The head of the Operational and Analytical Centre (OAC) gave his first interview ever. On the special service’s 10th anniversary, its head Andrej Paŭliučenka furnished Belarus Segodnia with details of work at the centre, created to ensure the protection of information and the development of internet technologies. Paŭliučenka characterised early attacks on Belarusian information systems as disorganised and spontaneous. In recent years, however, hacker teams seem to have one or more coordination centres. These groups try to hack into Belarusian defence systems with geopolitical or mercantile goals.
Turning to internal threats, corruption remains the most serious issue and the OAC particularly deals with combating corruption at the highest levels of power. Paŭliučenka also said that the OAC does not shut down websites as many think. It provides for the stable and reliable operation of networks and databases; the OAC serves as engineer and architect of the national segment of the Internet.
Counterfeit alcohol from Russia dominates the Belarusian black market. Narodnaja Hazieta investigated the black market for alcohol in Belarus. Black marker dealers sell half a litre of vodka for 1 euro online, while in the stores the same volume costs 3 euros. Five-litre cans of so-called “confectionery brandy” are offered for 12 euros. According to the Central Department for Combating Economic Crime, more than 95% of illegal alcohol products entering Belarus come from Russia. Indeed, large criminal groups run a highly profitable business.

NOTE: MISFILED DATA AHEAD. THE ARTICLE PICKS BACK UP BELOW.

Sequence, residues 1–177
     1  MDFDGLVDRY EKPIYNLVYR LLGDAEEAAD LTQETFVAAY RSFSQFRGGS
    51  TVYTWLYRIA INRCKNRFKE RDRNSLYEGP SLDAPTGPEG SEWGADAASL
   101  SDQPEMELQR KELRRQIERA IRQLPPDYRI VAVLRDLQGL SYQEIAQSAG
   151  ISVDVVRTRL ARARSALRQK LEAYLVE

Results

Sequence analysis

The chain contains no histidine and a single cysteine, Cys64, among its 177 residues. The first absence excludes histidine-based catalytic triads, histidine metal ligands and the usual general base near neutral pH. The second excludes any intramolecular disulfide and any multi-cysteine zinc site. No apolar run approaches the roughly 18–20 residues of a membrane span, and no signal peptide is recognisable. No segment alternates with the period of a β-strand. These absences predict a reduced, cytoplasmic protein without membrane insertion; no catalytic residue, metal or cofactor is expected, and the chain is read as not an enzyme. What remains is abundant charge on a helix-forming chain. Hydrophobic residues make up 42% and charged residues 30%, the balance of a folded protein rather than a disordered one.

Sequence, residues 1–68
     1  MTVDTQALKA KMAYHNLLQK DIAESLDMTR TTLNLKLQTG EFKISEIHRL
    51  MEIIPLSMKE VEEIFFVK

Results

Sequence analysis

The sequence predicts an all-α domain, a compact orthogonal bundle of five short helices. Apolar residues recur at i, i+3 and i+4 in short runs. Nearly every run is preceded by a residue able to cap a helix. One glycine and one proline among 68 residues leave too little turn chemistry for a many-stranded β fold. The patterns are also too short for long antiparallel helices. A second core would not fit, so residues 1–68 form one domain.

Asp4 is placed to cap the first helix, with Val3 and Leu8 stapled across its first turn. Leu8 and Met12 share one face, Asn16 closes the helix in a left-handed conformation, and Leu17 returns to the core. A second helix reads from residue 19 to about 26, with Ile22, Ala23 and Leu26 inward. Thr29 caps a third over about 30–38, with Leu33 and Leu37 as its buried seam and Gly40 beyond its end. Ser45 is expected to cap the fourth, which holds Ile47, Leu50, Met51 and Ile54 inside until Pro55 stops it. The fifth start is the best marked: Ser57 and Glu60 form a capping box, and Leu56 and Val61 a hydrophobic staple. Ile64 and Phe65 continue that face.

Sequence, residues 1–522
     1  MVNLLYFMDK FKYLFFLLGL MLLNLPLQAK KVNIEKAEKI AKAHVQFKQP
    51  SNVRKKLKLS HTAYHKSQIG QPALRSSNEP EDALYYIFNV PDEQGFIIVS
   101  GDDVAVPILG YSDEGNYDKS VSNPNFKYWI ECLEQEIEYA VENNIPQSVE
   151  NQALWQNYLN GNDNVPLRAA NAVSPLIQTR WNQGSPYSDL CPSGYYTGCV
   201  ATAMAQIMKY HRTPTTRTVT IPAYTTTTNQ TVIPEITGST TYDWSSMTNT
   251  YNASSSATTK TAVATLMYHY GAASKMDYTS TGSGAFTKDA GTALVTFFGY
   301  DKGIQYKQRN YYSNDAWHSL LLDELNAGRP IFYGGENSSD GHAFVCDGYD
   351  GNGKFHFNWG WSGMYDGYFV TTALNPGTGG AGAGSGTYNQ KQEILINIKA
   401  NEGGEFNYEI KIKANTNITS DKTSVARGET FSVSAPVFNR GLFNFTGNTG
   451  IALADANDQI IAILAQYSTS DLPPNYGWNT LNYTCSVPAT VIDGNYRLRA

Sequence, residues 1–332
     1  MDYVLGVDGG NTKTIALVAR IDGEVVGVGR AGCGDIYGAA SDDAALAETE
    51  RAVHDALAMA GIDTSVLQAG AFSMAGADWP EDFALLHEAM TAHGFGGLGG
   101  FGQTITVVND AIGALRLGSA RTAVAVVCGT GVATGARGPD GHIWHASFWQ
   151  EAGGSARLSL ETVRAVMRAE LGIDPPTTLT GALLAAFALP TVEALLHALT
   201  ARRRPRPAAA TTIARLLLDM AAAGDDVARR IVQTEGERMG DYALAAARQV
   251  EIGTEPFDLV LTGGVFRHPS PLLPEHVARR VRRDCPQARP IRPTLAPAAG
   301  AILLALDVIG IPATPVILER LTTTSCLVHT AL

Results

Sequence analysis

The influx of counterfeit alcohol has even made the traditional moonshine industry less attractive among the population. While in 2011 the police confiscated 111,400 decalitres of moonshine, in 2015 it took away only 69,200 decalitres. Counterfeit alcohol is typically of poor quality and often causes poisoning. According to information provided by the Minsk Regional Department of Internal Affairs, during the first 3 months of 2018 in the Minsk region alone, 61 people died from the consumption of ethyl alcohol or other alcoholic surrogates.
Belarusian exports remain concentrated on a few markets and needs diversification. In 2017 and early 2018, Belarusian exports saw stable growth for the first time since 2012, according to Zviazda. A favourable situation in the raw materials market and in the markets of Belarus’s major trading partners contributed to this growth. However, geographical diversification for export goods remains lower than the government expects. In January – February 2018, five national markets accounted for almost 71% of Belarusian exports.